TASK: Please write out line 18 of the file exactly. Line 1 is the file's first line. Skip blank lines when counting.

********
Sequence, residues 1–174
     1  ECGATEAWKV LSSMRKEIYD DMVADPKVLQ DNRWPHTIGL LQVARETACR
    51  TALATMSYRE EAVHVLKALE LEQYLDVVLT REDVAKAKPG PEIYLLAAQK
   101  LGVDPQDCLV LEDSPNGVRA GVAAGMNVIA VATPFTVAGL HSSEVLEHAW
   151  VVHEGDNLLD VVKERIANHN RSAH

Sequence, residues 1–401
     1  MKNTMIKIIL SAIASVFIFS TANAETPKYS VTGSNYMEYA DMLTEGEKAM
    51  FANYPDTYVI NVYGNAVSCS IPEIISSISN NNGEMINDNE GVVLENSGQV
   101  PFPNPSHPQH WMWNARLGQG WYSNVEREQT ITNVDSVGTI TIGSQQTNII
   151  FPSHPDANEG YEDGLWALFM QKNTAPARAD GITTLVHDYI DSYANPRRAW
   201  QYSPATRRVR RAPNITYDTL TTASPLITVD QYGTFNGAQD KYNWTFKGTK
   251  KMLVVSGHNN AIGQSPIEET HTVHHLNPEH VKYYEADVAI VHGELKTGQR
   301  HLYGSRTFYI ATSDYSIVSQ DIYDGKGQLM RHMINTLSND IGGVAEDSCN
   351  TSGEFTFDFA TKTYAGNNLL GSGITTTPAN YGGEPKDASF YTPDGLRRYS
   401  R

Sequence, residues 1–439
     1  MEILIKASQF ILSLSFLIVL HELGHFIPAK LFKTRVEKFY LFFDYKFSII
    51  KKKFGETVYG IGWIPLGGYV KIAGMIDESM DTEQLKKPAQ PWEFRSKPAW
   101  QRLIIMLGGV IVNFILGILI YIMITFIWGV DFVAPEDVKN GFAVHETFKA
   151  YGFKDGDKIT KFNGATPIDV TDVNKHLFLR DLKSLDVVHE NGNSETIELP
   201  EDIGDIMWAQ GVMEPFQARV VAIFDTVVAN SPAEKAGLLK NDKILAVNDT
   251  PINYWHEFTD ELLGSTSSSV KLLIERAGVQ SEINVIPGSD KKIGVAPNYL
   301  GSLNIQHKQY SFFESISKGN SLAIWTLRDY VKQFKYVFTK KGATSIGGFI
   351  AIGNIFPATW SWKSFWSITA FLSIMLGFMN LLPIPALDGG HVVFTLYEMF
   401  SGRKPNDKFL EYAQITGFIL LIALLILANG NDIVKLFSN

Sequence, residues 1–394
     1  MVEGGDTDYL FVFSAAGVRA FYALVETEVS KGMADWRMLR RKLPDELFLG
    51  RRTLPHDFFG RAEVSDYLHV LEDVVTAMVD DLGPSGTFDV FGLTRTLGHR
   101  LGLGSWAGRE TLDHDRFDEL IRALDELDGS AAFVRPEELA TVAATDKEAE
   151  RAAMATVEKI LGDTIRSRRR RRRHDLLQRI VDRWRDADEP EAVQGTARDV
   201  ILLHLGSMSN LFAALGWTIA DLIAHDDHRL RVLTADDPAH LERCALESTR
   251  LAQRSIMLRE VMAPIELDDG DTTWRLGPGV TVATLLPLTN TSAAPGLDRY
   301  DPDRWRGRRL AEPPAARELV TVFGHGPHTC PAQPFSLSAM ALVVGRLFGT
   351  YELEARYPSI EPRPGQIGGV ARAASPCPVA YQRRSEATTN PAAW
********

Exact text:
    51  KKKFGETVYG IGWIPLGGYV KIAGMIDESM DTEQLKKPAQ PWEFRSKPAW